Campeonato de Portugal (league)

Last updated
Campeonato de Portugal
Campeonato de Portugal Prio 2015.jpg
Founded2013
CountryPortugal
Confederation UEFA
Number of teams56 (from 2021-22)
89 (2020–21)
Level on pyramid 3 (to 2020–21)
4 (from 2021–22)
Promotion to Liga Portugal 2 (to 2020–21)
Liga 3 (from 2021–22)
Relegation to Portuguese District Championships
Domestic cup(s) Taça de Portugal
Current champions Casa Pia (1st title)
Most championships Mafra (2 titles)
TV partners A Bola TV
Website fpf.pt
Current: 2020–21 Campeonato de Portugal

The Campeonato de Portugal (Portuguese for "Championship of Portugal") is the third-level football league in the Portuguese football league system. It is a professional national league organized by the Portuguese Football Federation (FPF).

Contents

The competition began in 2013 as the Campeonato Nacional de Seniores (Seniors National Championship), replacing both the Segunda Divisão and Terceira Divisão (the third and fourth tiers of the system, respectively). On 22 October 2015, the competition was renamed the Campeonato de Portugal, its current name.

The FPF announced the creation of Liga 3 (League 3) as the new third level that will start in 2021–22, moving the Campeonato de Portugal one level lower. [1] [2]

Format

The first season, 2013–14, was contested by a total of 80 clubs, which included 19 teams from the District Championships, 39 from the Segunda Divisão, 19 from the Terceira Divisão and three teams relegated from the Segunda Liga during the 2012–13 season. In 2017–18, the format consisted of five series of eighteen teams, arranged according to geographic criteria, with the exception of teams from Madeira (placed in the first series) and from the Azores (placed in the last two series). [3] [4] The competition played with four groups of 18 teams in 2018–19 and the curtailed 2019–20 season. It has been played with eight groups of 12 in 2020–21, then it is to be reduced to four of 15 the next season. [2]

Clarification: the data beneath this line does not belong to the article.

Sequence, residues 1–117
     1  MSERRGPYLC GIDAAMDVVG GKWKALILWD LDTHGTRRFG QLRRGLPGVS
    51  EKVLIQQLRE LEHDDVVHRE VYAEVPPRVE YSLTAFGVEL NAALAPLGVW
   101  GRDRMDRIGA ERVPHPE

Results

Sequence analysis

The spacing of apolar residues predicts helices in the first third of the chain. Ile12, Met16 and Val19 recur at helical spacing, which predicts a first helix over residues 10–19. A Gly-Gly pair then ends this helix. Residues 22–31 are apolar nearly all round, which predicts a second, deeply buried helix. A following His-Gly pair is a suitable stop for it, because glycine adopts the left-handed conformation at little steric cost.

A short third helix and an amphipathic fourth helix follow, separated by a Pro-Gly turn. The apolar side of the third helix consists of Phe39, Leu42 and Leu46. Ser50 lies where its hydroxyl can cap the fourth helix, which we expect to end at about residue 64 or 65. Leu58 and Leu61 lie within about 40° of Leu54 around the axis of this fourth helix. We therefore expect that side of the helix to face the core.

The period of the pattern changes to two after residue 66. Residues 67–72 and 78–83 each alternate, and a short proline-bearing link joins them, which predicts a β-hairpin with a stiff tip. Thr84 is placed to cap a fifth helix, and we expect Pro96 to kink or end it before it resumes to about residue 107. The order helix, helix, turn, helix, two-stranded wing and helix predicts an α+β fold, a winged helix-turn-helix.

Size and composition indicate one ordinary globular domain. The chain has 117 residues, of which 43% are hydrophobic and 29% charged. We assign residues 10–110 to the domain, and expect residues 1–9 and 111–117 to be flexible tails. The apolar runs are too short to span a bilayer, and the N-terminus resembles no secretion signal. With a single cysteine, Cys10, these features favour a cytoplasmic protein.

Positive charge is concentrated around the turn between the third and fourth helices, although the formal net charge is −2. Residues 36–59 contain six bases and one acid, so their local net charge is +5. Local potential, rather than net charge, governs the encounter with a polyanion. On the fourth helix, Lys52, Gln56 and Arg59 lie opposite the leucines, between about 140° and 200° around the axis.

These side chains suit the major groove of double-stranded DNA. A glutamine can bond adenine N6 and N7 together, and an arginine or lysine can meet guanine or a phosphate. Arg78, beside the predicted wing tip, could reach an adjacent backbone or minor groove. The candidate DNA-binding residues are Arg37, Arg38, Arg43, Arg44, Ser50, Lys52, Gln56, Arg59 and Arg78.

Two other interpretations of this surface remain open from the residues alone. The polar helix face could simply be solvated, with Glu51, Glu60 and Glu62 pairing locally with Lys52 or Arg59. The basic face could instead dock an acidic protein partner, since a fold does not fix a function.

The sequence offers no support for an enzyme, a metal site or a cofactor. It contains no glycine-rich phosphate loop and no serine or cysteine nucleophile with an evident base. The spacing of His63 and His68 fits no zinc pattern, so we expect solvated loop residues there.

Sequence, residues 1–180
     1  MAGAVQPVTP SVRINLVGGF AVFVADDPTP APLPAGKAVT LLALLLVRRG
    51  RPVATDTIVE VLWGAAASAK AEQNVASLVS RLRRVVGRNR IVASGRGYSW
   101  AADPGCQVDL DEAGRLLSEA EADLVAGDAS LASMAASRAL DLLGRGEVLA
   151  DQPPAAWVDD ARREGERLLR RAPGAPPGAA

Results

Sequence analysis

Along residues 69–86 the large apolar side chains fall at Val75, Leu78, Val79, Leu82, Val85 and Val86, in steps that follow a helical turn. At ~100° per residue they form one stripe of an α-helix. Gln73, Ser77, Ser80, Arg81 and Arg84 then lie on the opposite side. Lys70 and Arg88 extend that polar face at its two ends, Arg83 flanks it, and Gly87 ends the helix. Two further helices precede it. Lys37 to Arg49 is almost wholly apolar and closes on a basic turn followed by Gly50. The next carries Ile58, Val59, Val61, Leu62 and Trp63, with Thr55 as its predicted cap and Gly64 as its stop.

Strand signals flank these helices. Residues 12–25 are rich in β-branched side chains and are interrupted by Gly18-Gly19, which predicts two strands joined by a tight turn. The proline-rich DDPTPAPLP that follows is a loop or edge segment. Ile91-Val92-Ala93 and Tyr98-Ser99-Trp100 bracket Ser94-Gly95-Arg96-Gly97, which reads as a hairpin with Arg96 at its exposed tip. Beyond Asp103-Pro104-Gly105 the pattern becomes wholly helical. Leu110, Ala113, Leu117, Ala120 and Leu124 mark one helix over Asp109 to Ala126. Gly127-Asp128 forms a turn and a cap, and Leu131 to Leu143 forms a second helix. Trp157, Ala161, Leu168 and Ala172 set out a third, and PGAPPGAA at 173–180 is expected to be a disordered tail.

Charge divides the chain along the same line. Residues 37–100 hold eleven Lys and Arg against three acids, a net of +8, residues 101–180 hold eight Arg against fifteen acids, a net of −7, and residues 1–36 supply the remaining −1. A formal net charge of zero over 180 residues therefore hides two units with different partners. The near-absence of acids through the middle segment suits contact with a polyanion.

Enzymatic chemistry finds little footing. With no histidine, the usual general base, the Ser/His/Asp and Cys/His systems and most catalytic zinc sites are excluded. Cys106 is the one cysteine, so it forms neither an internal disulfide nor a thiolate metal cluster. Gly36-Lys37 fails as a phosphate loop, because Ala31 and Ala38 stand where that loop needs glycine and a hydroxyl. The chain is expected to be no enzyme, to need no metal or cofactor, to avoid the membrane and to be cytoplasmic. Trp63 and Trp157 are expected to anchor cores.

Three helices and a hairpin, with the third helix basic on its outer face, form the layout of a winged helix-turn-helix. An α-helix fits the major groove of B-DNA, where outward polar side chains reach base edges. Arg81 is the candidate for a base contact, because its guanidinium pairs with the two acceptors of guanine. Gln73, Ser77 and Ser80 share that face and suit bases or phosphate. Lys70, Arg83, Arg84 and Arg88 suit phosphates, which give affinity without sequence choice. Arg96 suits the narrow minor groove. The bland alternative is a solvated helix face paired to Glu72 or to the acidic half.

Seasons - league tables

Decade
2010s: 2013–14 2014–15 2015–16 2016–17 2017–18 2018–19 2019–20
2020s: 2020–21

List of champions

SeasonChampionship FinalPromotion Play-off
ChampionsScoreRunners-upFinal venueThird-placed teamScoreFourth-placed team
2013–14 Freamunde 3–2 Oriental Estádio do Fontelo, Viseu Vitória de Guimarães B 0–0, 2–0 Benfica e Castelo Branco
2014–15 Mafra 1–1 ( a.e.t. ), (4–3 p) Famalicão Estádio Municipal, Marinha Grande Varzim 2–0, 1–1 Casa Pia
2015–16 Cova da Piedade 0–0 ( a.e.t. ), (2–0 p) Vizela Estádio Municipal, Abrantes Fafe 1–0, 0–0 Casa Pia
2016–17 Real 2–0 Oliveirense Estádio do Fontelo, Viseu Merelinense and Praiense [lower-alpha 1]
2017–18 Mafra 2–1 Farense Estádio Nacional, Jamor Not played.
2018–19 Casa Pia 2–2 ( a.e.t. ), (4–2 p) Vilafranquense
2019–20 Abandoned due to COVID-19 pandemic. [lower-alpha 2]
  1. Merelinense and Praiense played in the LigaPro play-offs but did not achieve promotion.